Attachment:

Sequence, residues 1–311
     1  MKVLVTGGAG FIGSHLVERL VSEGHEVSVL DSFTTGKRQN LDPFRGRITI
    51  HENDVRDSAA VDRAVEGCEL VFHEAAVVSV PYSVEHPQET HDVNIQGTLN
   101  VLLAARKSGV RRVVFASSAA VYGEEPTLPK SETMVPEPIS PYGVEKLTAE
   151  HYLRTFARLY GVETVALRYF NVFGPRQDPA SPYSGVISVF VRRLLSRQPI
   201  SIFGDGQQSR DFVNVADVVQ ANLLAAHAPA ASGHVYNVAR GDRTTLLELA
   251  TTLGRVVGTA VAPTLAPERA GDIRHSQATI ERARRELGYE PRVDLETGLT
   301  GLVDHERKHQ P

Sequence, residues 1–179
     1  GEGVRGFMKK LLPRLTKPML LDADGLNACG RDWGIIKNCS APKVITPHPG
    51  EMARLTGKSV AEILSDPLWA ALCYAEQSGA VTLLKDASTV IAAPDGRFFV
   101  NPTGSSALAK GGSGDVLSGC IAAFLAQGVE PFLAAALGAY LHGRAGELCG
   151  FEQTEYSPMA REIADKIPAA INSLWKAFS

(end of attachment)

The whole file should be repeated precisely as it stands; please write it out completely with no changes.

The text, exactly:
Sequence, residues 1–311
     1  MKVLVTGGAG FIGSHLVERL VSEGHEVSVL DSFTTGKRQN LDPFRGRITI
    51  HENDVRDSAA VDRAVEGCEL VFHEAAVVSV PYSVEHPQET HDVNIQGTLN
   101  VLLAARKSGV RRVVFASSAA VYGEEPTLPK SETMVPEPIS PYGVEKLTAE
   151  HYLRTFARLY GVETVALRYF NVFGPRQDPA SPYSGVISVF VRRLLSRQPI
   201  SIFGDGQQSR DFVNVADVVQ ANLLAAHAPA ASGHVYNVAR GDRTTLLELA
   251  TTLGRVVGTA VAPTLAPERA GDIRHSQATI ERARRELGYE PRVDLETGLT
   301  GLVDHERKHQ P

Sequence, residues 1–179
     1  GEGVRGFMKK LLPRLTKPML LDADGLNACG RDWGIIKNCS APKVITPHPG
    51  EMARLTGKSV AEILSDPLWA ALCYAEQSGA VTLLKDASTV IAAPDGRFFV
   101  NPTGSSALAK GGSGDVLSGC IAAFLAQGVE PFLAAALGAY LHGRAGELCG
   151  FEQTEYSPMA REIADKIPAA INSLWKAFS